2007 — 5 May: Cat Stevens by another name...

Caught most of the BBC4 programme last night wherein Alan Yentob loosely "interviewed" Yusuf Islam. Very interesting, so I listened upstairs to the sound of the "session/concert" that followed. This was instead of resuming my attempts to find much (indeed, anything) to laugh about in Channel 4's fourth series of "Peep Show". I'm so uncool!

Today we intend to start the process of turning our garden pond into more of a boggy patch for frogs etc than a resthome for fish. Since the demise of the latest pump hose connector, the water (if that's what it is) is now almost as green and cloudy as it's ever been, so the little blighters are barely visible at the best of times (ie, when we feed them) let alone at any other time. She Who Must Be Adored has, it seems, ordered a whole pallet load (actually, a tonne) of pea-shingle for delivery today, and I have nightmare visions of shifting this using the recently assembled Tri-Truk. Oh, my aching back.

Christa in her element

A close-up of Christa in her element! Lest you wonder, the fish are now safely rehoused in our neighbour's pond, though some may yet be en route to a school's pond. And the pumping exercise flushed out a frog, too. We're keeping him!

Corrected correction department

I foresee a correction in the Guardian's future. On 30th April they carried a report on the closing of a loophole for non-frozen gametes supplied via the Interweb thingy. (And delivered via turkey baster, unless I miss my guess.) (Use of) fresh sperm is currently exempt from the rule granting children the right to obtain the identity of their genetic father. Correction #1 (made today) concerns the homophone in the sentence: "If the new regulations fail, draft legislation will give MPs a second chance1 to reign in internet fresh sperm companies." Correction #2 will be when they get around to correcting the date of original publication.

By the way, the going rate for sperm bank depositors is £50 for "expenses". I wonder if it's getting harder to make a living? (One of my readers has suggested such unskilled labour is making money "hand over fist".)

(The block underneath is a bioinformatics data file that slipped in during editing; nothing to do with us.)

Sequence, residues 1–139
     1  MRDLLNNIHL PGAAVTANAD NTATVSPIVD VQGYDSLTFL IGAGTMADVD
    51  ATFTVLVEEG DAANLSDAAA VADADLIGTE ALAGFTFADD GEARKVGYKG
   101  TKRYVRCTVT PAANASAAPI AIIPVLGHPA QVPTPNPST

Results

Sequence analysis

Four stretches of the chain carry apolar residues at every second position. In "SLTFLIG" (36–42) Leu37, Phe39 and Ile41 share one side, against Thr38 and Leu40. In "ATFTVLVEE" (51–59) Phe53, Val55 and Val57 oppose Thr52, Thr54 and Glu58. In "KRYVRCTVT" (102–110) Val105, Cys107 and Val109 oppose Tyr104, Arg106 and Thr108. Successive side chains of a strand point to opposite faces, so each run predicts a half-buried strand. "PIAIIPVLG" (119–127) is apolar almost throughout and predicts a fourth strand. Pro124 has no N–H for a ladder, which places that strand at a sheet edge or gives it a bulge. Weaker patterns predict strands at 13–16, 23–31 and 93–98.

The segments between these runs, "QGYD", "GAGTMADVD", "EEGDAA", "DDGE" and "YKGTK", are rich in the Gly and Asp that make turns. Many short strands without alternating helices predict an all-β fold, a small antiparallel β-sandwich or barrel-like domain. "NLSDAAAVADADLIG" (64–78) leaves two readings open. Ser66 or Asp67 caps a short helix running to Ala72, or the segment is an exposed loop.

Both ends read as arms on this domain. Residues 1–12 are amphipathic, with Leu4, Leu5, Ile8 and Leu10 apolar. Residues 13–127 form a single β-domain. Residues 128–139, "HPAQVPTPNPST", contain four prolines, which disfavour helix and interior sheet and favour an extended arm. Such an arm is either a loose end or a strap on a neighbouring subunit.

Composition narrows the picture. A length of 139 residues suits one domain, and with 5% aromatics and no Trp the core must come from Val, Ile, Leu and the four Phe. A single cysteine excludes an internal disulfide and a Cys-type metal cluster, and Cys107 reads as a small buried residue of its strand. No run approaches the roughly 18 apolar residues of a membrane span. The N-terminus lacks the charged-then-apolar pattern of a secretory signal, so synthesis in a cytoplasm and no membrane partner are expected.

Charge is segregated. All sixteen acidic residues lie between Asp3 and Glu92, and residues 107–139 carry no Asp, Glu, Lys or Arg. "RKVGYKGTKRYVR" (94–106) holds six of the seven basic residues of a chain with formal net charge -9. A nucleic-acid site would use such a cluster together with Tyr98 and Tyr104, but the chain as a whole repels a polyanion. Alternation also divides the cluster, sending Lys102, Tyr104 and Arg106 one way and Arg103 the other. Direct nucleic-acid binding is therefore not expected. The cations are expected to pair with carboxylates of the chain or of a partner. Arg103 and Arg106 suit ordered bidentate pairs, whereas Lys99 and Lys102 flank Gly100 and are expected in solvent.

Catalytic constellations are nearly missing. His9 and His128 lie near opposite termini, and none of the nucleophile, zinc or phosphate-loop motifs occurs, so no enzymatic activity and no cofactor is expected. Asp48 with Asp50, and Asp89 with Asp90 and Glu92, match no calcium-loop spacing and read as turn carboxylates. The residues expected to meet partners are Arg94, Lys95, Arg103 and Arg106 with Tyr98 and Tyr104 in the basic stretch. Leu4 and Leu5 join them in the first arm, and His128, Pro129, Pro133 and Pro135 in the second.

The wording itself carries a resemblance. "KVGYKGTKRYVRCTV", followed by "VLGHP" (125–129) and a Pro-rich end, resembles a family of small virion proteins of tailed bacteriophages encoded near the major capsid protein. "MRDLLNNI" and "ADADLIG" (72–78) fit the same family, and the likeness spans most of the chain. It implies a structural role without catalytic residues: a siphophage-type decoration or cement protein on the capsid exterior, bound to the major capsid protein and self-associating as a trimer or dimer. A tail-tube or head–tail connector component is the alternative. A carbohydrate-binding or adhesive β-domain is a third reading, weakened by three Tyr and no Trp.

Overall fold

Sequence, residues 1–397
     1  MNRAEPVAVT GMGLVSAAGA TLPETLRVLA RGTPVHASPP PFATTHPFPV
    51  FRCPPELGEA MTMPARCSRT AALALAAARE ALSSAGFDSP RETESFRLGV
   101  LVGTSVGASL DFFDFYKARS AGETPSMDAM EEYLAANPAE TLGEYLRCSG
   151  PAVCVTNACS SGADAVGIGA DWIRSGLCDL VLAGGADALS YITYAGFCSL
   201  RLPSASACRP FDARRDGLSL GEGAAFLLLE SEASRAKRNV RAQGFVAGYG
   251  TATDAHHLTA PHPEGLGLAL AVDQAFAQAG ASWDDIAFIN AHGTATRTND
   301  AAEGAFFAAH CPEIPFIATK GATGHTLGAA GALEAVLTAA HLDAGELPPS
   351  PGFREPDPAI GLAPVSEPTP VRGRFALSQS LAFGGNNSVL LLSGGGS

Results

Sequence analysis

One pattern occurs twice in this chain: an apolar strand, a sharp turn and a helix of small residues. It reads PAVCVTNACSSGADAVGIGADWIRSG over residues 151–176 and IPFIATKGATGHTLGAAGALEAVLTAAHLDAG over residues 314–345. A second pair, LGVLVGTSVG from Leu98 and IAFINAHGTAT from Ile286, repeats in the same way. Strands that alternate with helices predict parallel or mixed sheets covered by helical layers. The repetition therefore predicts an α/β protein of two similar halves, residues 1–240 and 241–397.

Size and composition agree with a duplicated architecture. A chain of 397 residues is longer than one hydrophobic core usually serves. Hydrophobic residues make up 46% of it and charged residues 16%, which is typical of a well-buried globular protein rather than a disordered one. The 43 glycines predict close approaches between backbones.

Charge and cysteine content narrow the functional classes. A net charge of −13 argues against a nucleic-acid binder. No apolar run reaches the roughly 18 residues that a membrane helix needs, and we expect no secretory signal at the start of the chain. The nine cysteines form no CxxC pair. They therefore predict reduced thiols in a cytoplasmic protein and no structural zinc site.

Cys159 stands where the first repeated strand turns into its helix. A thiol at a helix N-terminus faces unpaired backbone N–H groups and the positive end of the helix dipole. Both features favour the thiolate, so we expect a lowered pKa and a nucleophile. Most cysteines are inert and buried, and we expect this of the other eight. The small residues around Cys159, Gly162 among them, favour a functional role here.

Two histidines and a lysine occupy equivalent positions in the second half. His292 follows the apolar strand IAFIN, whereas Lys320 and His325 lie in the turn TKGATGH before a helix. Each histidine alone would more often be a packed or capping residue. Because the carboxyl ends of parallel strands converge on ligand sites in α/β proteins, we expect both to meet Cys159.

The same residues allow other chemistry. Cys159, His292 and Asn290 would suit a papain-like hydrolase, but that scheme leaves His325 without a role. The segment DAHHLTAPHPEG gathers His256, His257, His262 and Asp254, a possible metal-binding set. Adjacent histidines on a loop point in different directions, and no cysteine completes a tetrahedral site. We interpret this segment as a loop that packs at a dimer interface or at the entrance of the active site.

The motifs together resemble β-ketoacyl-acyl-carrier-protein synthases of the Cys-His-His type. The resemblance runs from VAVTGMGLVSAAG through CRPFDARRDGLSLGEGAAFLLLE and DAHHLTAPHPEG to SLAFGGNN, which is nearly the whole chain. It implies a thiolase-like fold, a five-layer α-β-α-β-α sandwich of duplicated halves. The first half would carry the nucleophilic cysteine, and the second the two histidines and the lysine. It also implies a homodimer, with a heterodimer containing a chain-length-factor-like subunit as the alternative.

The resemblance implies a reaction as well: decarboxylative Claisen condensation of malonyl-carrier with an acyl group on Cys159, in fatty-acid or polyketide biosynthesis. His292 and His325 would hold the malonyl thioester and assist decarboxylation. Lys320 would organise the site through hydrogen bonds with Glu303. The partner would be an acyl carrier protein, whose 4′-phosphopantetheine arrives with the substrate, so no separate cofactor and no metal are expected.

It's a dead giveaway... department

No, not the fish. It seems the Guardian has a books blog. (I confess I've not yet peeked.) A Tania Kindersley asks: "Judging character from someone's reading habits is a favourite game in the media. But how much can we really deduce from a collection of books?" Good question. As a kid, I invariably headed for the bookshelves in houses we visited (and/or I was dragged to). I still do, though I tend to ask permission first these days.

I've not read Arrowsmith by Sinclair Lewis. However, I do now know that on 5 May 1926 he turned down the Pulitzer prize for it. His letter to the prize committee seems initially laudably high-minded:

Between the Pulitzer prizes, the American Academy of Arts and Letters and its training school, the National Institute of Arts and Letters, amateur boards of censorship, and the inquisition of earnest literary ladies, every compulsion is put on writers to become safe, polite, obedient, and sterile. In protest, I declined election to the National Institute of Arts and Letters some years ago, and now I must decline the Pulitzer prize. I invite other writers to consider the fact that by accepting the prizes and approval of these vague institutions we are admitting their authority, publicly confirming them as the final judges of literary excellence, and I inquire whether any prize is worth that subservience.

Sinclair Lewis (as revealed in The Guardian)

The only thing is, at about the same time he wrote to his publisher: "Any thoughts on pulling wires for Arrowsmith for Nobel prize?" He got it (and accepted it) in 1930.

Day 183  


1  Come again? It's reining in men!